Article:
RALEIGH POLICE VIOLATED POLICY WITH FACIAL RECOGNITION SOFTWARE: In the months that followed, emails provided by the Raleigh Police Department show, at least 20 people at the department had access to Clearview, a service that trumpeted its “unlimited” power to identify just about anyone in seconds with a single photo. That number far exceeds the three employees authorized to use the service before the department abruptly banned it in February 2020. “I think facial recognition technology, in the long run, has much more potential to change our lives as we know it, and to completely eradicate practical obscurity,” said Jolynn Dellinger, a senior lecturing fellow at the Duke University School of Law and former special counsel for privacy policy and litigation at the N.C. Department of Justice. If anyone can be identified anywhere — at a political protest, church or Alcoholics Anonymous meeting — Webb said authorities gain the “unprecedented power to spy on us wherever we go.”

Thursday News: Wrong, as usual


MCCRORY CALLS DEMOCRATIC OPPOSITION OF TRANSGENDER BILLS "CANCEL CULTURE": “There are a lot of issues, including that issue, that need to be allowed to be discussed that doesn’t involve the cancel culture. It needs fair discussions.” Cancel culture has become a broad term used to describe everything from people losing their jobs for their behavior to businesses boycotting states over policies they disagree with. Major League Baseball moved its All-Star Game and several corporations have rebuked Georgia in recent weeks after passage of a package of election laws. “This cancel culture has got to end and the identity politics has gone way too far, especially on the left,” McCrory said. “We’ve got to end the identity politics and cancel culture and we need to be judged by our individual character, heart and souls.”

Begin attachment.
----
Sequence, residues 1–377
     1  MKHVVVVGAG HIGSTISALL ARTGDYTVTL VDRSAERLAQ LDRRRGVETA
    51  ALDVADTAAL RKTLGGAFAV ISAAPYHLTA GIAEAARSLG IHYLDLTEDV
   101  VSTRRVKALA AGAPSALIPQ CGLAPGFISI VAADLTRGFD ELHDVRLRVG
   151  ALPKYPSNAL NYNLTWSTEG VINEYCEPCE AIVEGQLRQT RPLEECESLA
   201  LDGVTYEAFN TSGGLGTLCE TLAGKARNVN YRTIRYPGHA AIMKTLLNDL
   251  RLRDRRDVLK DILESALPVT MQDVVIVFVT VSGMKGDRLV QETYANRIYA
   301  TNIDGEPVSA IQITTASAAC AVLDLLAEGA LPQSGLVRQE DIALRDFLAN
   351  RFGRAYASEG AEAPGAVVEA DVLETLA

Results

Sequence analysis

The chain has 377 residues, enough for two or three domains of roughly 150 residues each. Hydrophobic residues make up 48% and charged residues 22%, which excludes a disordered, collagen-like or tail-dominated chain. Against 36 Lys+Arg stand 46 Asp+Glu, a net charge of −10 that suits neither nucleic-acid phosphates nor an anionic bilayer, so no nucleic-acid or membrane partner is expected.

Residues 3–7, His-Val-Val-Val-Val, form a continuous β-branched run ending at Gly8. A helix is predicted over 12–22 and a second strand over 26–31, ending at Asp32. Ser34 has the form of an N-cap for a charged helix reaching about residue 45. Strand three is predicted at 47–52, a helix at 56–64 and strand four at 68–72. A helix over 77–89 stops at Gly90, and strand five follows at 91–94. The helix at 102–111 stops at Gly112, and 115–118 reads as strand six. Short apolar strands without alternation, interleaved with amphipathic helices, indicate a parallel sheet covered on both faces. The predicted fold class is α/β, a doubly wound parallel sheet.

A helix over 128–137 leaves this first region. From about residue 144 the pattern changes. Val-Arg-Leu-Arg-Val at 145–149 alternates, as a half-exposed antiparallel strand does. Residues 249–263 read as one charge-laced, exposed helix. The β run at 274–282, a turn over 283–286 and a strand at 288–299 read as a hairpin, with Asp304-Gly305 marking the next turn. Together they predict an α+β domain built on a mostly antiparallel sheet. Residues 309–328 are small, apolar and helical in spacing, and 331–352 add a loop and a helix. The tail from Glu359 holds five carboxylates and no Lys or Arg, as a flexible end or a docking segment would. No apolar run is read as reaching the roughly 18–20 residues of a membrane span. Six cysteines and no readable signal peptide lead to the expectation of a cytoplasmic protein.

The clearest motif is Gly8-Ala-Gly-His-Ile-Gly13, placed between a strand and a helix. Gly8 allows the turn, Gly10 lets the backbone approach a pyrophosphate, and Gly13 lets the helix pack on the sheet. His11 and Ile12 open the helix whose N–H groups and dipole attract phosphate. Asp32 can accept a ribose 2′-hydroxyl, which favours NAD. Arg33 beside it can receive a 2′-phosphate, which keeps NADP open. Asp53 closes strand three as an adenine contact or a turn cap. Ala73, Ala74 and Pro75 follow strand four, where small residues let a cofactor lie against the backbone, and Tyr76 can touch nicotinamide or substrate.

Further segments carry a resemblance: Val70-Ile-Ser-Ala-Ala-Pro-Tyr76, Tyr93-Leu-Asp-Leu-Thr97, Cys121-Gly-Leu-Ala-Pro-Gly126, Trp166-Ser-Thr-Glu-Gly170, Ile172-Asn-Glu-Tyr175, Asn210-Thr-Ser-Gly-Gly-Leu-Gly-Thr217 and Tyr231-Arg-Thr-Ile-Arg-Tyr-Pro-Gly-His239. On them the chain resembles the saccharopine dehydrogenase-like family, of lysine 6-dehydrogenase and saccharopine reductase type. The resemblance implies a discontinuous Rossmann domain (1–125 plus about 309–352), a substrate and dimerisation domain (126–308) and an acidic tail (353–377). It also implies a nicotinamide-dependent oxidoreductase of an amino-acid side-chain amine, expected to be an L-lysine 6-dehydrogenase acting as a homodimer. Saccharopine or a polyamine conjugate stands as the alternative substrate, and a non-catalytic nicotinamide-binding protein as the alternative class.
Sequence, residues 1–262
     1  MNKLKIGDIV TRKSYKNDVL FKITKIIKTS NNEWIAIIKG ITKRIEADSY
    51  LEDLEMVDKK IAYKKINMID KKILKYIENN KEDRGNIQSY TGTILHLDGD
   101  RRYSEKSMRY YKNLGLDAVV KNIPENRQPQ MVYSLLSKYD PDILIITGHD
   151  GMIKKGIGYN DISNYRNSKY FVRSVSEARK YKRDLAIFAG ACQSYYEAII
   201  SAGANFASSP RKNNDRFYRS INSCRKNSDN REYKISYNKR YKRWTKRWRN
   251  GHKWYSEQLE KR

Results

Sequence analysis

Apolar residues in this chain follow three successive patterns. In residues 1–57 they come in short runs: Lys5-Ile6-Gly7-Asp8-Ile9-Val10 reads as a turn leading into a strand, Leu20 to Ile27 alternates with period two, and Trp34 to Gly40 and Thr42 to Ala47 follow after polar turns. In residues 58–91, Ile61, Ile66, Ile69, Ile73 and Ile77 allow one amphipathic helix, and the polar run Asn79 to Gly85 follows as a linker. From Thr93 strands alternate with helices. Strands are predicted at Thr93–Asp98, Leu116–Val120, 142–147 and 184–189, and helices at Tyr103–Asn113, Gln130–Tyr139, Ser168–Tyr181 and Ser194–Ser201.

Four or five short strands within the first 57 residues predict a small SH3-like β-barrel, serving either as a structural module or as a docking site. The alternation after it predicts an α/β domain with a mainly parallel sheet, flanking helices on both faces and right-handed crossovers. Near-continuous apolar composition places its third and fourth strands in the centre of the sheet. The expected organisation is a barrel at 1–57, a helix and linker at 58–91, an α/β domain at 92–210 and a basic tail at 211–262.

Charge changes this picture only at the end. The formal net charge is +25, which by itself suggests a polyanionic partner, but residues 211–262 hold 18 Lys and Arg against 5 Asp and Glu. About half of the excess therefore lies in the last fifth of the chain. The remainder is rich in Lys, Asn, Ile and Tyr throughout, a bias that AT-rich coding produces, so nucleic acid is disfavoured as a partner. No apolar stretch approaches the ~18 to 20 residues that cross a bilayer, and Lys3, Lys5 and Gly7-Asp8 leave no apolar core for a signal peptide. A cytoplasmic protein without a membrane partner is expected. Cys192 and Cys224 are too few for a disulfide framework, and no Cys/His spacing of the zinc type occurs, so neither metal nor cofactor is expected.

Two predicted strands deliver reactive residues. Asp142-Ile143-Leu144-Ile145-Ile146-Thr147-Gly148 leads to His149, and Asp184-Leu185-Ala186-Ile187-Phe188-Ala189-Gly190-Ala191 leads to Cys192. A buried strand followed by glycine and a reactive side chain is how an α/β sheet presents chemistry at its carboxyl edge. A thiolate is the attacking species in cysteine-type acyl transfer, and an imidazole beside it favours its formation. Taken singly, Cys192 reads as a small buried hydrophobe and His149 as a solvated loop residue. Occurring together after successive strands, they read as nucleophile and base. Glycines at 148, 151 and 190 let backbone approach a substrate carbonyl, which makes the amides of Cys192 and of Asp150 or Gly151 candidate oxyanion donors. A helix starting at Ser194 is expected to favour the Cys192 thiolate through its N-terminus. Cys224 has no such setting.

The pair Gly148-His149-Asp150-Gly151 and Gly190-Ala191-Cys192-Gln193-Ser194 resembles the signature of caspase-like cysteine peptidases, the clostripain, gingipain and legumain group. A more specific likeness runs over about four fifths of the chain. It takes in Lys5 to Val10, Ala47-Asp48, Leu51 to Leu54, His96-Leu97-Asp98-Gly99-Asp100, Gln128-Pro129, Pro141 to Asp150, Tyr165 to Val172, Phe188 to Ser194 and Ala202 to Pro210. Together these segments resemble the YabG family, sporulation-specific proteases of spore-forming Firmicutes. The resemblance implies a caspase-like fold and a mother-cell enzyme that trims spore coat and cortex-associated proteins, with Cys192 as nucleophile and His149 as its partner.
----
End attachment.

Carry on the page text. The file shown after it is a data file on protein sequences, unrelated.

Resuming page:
Wednesday News: Voucher madness continues


NC REPUBLICANS PUSH TO INCREASE ELIGIBILITY AND PAYMENTS FOR PRIVATE SCHOOLS: The state House voted 69-49 on Tuesday to approve legislation that would increase the $4,200 annual amount provided to students who receive school vouchers, or Opportunity Scholarships. Senate Bill 671 would increase the income eligibility to 175% of the amount required for a family to be eligible for a free- or reduced-price lunch. That works out to a family income up to $56,400 for a two-person household and up to $85,794 for a family of four. The legislation also would raise the voucher amount to a maximum of $6,500 a year, according to bill sponsors. The bill ties the voucher amount to the average amount spent by the state per student each year. Republicans are expected to try work out a compromise between the two bills to see if it will get enough Democratic support to override a potential veto from Cooper.

Tuesday News: Back in court


NC VOTER ID TRIAL BEGINS, INHERENT RACISM LEADS DEBATE: North Carolina's latest law requiring photo identification to cast ballots went on trial on Monday, with attorneys for voters challenging the mandate by arguing it still disproportionately prevents Black residents from carrying out their constitutional right. A panel of three state Superior Court judges began hearing evidence in the lawsuit filed to overturn a December 2018 law that filled in the details of how a voter ID constitutional amendment approved in a statewide referendum several weeks before would be implemented. Lawmakers in the Republican-controlled legislature said the new law isn't racially suspect, pointing out they expanded the types of qualifying IDs and made it easier for registered voters without IDs to have their votes counted. The evidence shows the new law, rushed for passage so Republicans could override Democratic Gov. Roy Cooper's veto before their power waned during the next legislative session, suffers from the same racial taint and faults as the previous law, said Allison Riggs, a lawyer for the voters who sued.